Figure 2. Qualitative ARFI elastography images illustrating the stiffness in testicular disorders in dogs: (A) heterogeneous parenchyma and not pliable, orchitis; (B) heterogeneous parenchyma with hard focal lesion and not pliable (arrows), interstitial cell tumour; (C) heterogeneous parenchyma with hard focal lesion and not pliable, sertolioma (arrows); and (D) heterogeneous parenchyma and not pliable, leydigoma. 

For quantitative elastography, the mean shear velocity value of normal healthy testicles was 1.30±0.12m/s. The results obtained for shear velocity of abnormal testicles are detailed in Table 1 (Figure 3 and 4).

Figure 3. Quantitative ARFI elastography image of testicular disorders in dogs: Note the presence of the calliper in the abnormal testicular parenchyma for shear velocity measurement: (A) testicular degeneration; (B) testicular hypoplasia; (C) testicular cysts; and (D) testicular atrophy. 

Figure 4. Quantitative ARFI elastography image of testicular disorders in dogs: Note the presence of the calliper in the abnormal testicular parenchyma for shear velocity measurement: (A) orchitis, (B) interstitial cell tumour, (C) sertolioma and (D) leydigoma. 


In Veterinary Medicine, Feliciano et al. (2015a) were the first to use ARFI to study the testicular parenchyma of healthy dogs. Similarly, the present study is the first report on the use of the ARFI elastography on the evaluation of testicular abnormalities in dogs. The results obtained for stiffness of the tissues analysed are promising and can help in the diagnosis of the main testicular diseases in dogs, as well as in humans. Studies have demonstrated that elastography can provide auxiliary and important information in the evaluation of testicular lesions, both for detection of small lesions and for differentiation of benign and malignant disorders (Aigner et al. 2012; Goddi et al. 2012; Huang and Sidhu 2012).

Ultrasonography has been considered fundamental in the detection of testicular alterations; however, it does not provide conclusive information on the consistency of the tissues or a definitive diagnosis of lesions (Grasso et al. 2010; Domingos and Salomão 2011; Goddi et al. 2012). In the present study, testicular alterations were detected by B-mode ultrasound and the imaging findings corresponded to those previously reported (Domingos and Salomão 2011). However, some testicular diseases, such as inflammation and neoplasia, showed similar ultrasound characteristics making diagnosis difficult. Aigner et al. (2012), when evaluating testicular lesions in humans, obtained considerable values for sensitivity (100%), specificity (81%) and accuracy (94%) for elastography when compared to ultrasonography (sensitivity: 100%, specificity: 75% and accuracy: 92%), confirming the importance of this technique and its use combined with ultrasonography.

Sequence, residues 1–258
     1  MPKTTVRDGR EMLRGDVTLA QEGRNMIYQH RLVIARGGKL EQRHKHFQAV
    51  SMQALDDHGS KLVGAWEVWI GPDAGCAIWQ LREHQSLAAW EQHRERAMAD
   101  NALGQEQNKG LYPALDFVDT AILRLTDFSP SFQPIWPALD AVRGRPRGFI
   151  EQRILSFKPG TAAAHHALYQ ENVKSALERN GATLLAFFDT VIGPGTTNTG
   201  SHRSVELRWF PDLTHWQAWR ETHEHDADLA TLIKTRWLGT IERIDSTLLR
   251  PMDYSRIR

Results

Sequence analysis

For qualitative ARFI elastography, it was generally observed that all abnormal testicles had a heterogeneous parenchyma and were not pliable. The neoplastic (focal or diffuse) and inflammatory lesions showed greater stiffness (dark grey) than benign lesions (light grey), as observed by Huang and Sidhu (2012) in humans. These stiffness characteristics were different from those of healthy testicles (six) observed in this study and from those reported by Feliciano et al. (2015a) (homogenous parenchyma, not pliable and of mid-grey tonality).

For quantitative ARFI elastography, the shear velocities obtained for normal healthy canine testicles (1.30±0.12m/s) were similar to the values obtained by Feliciano et al. (2015a) in dogs (juvenile: 1.28m/s, adult: 1.23m/s and senior: 1.23m/s) and higher than those observed in humans (0.62 to 1.01m/s) (D'Anastasi et al. 2011), probably due to the fact that dogs have greater fibrous tissue in the testicles.